Listening is important when learning a language. This is the first step in identifying a word to give it meaning. If this does not happen, we are unable to sustain conversations with others. It is, thus, extremely important to master your listening skills when studying French, no matter the level you are at.



As with everything, you must have consistent practice and work towards training your ears in recognising the different French sounds. But the secret resides in picking the right audio according to your level of competence in the language, so that you do not get frustrated and abandon not only the exercise, but also the whole process of learning French.

Beginner

If you are a beginner, needless is to say, that the audio you will choose must be where one person is talking in the clearest way possible; then you will be able to understand what is being said. Here, your intention should be in recognising words, intonations, sentence structure, and building your vocabulary pool. The downside is that this type of audio won’t prepare you for real life conversations as the speed and level of enunciation is totally different from the French you will encounter during your travels to the country. Bear in mind that it is a necessary right of passage. Nevertheless, even at this stage, you should include some modern French to get used to the way French natives use liaisons, and omission of certain sounds, as well as relaxed intonations when they use the language.


Intermediate

At an intermediate level, the recording should be more challenging, speed, vocabulary and length wise, but just right. You should be able to grasp around 80% of what is said. Here, you should not stop to identify each word you do not recognise but mainly trying at first to get the meaning of an entire sentence in context. Don’t get discouraged- at this point- by the lack of spectacular results. Be patient, and mostly persistent. You might also feel lost in a vast field of audio content out there. Don’t let this be a deterrent. Don’t allow the ‘shiny object syndrome’ to get hold of you neither. Choose your material carefully, and just a few. Watch the same video consistently until it has no more wisdom to offer and move on to the next.


Advanced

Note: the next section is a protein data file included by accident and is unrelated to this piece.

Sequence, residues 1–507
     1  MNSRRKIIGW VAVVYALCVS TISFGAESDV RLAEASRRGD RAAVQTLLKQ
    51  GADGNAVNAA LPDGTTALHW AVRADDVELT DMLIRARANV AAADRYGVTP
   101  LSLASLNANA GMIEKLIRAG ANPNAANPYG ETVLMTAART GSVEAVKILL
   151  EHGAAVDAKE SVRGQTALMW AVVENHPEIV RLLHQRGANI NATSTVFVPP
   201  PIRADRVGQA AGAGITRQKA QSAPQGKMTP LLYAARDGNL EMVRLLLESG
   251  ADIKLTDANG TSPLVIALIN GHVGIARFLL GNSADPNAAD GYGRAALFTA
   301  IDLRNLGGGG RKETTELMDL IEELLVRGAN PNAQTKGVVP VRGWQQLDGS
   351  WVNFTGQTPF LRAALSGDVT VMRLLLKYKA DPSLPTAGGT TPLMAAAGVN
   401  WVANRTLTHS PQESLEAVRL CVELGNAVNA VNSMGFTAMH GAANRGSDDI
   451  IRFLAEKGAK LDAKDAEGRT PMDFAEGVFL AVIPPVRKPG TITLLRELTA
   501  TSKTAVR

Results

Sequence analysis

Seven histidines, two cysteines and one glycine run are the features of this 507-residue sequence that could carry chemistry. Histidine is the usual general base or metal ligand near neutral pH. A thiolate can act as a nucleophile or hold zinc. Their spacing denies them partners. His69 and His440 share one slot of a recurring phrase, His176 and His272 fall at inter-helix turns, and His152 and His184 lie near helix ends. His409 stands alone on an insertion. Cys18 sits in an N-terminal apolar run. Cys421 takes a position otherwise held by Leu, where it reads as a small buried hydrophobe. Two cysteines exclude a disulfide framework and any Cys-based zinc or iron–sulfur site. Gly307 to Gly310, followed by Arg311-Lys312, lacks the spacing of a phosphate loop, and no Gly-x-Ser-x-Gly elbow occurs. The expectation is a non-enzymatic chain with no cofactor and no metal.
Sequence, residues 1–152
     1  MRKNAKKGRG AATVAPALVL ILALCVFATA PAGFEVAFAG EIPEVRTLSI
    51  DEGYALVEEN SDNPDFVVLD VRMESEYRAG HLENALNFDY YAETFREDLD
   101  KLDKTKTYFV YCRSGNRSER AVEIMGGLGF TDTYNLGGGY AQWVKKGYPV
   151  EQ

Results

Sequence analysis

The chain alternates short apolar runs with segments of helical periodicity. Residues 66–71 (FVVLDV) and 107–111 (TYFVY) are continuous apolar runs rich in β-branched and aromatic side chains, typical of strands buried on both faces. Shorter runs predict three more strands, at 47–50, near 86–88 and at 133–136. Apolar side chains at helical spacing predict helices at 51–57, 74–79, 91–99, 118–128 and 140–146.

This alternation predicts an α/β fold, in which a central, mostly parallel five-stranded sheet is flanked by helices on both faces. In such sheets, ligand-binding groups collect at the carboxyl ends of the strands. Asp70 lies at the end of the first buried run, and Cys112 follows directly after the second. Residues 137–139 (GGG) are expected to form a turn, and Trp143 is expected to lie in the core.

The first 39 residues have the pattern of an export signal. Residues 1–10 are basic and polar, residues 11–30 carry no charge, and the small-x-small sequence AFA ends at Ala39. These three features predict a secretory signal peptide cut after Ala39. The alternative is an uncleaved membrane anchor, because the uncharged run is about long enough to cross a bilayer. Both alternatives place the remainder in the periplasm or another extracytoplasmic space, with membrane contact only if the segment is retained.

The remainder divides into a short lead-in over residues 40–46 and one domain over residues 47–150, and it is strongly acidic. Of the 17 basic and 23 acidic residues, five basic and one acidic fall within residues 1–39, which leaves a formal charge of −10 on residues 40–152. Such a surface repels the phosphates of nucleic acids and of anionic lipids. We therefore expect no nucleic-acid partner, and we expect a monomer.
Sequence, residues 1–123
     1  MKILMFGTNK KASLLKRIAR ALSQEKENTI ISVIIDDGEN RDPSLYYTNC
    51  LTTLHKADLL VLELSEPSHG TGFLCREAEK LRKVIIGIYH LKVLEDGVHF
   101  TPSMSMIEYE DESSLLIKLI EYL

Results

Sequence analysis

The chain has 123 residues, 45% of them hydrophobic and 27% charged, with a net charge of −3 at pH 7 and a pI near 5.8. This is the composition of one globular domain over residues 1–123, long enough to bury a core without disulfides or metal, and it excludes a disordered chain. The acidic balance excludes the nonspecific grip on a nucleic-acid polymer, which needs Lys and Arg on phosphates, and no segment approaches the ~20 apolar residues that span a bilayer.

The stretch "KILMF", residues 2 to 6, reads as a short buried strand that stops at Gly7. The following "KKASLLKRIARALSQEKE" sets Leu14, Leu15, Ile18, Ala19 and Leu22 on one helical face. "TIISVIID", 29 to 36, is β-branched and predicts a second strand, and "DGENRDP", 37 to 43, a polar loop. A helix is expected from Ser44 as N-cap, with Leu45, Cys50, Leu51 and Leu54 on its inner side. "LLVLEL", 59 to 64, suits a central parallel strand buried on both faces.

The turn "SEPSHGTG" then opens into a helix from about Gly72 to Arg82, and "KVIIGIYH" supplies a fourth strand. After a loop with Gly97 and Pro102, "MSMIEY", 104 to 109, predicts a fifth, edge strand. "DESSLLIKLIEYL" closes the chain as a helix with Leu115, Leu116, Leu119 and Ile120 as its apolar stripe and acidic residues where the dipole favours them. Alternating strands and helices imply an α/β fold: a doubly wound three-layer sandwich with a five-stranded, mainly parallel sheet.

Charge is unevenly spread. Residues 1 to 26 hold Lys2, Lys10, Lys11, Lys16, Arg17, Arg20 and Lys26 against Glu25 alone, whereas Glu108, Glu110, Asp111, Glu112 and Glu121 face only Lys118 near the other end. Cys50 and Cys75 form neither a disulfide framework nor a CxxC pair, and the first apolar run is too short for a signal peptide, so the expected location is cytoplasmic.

You are now and advanced French learner, and the recordings at this stage should aim at training you to keep your focus for longer . This is when I recommend watching movies or series episodes with French subtitles. Podcast episodes will also do the trick if the transcript is available.


watch movies or series episodes with French subtitles.


How to use Listening Strategies in your Language Learning?


Here are some tips:

1-Choose the topic of the recording you want to listen to, according to your level.

2-Before you listen, think about this topic:

What do you already know about it?

What could be the text about?

Which words do you think they might use that you already know?

Which words do you think they might use that you want to look up in a dictionary?

Relax

3-While you’re listening:

Pay attention to the listening text.

Listen to two or three sentences at a time.

Repeat these sentences if you didn’t get the meaning first time.

Try to ignore the words you don’t understand.

Use your general knowledge and the text itself to find out the meaning.

Focus on key words and facts

Take notes. If you don’t understand a word write down what you hear. This will help you remember your weak points.

Pay attention to the way the speaker stresses some words. This might give you some clue about their meaning.

Try to think ahead: how might the story unfold? what might the speaker say? which word might they use?

4-After listening: read the transcript.

Check if you understood the main points.

Was your guess before listening right?

Have you had any problems while listening?

5-Listen again to the whole text paying more attention to difficult passages. Can you understand it all this time?

6- Repeat the process now with a written text (transcript) if you have one available.

7- memorise the new words, sentences, expressions that you didn’t recognise the first time.

8- repeat every sentence after the person or people talking (shadowing) to improve intonation, pronunciation and speaking skills.

Be positive. Don’t be disappointed if things don’t go always your way and you find it difficult to understand. Remember practice makes perfect, and consistent practice will help you get the results you are pursuing.


If you want to grab more tips to help you learn French Download the ‘Ultimate Guide To Overcoming The Fear Of Speaking French’